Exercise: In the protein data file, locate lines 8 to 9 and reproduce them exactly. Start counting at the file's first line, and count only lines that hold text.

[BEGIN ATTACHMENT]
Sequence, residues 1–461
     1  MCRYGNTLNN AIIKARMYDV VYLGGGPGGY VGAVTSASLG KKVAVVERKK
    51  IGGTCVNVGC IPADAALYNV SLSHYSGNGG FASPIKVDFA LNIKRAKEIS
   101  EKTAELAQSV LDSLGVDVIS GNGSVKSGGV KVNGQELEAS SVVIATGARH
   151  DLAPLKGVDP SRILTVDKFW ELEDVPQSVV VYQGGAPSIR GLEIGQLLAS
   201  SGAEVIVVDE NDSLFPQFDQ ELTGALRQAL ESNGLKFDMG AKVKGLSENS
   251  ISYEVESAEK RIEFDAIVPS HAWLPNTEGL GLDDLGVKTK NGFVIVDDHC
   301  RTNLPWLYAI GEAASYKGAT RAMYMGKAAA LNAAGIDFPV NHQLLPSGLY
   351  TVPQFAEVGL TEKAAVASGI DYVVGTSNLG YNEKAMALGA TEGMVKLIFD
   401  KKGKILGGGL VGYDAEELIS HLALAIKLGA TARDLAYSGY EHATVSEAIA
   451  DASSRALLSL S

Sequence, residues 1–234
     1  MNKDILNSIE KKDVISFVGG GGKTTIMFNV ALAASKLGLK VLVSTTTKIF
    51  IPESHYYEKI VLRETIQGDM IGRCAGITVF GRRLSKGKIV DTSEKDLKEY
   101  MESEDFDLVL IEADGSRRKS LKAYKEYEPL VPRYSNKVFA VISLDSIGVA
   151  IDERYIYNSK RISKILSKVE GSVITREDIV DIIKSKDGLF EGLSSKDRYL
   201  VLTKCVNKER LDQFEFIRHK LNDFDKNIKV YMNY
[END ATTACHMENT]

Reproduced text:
   301  RTNLPWLYAI GEAASYKGAT RAMYMGKAAA LNAAGIDFPV NHQLLPSGLY
   351  TVPQFAEVGL TEKAAVASGI DYVVGTSNLG YNEKAMALGA TEGMVKLIFD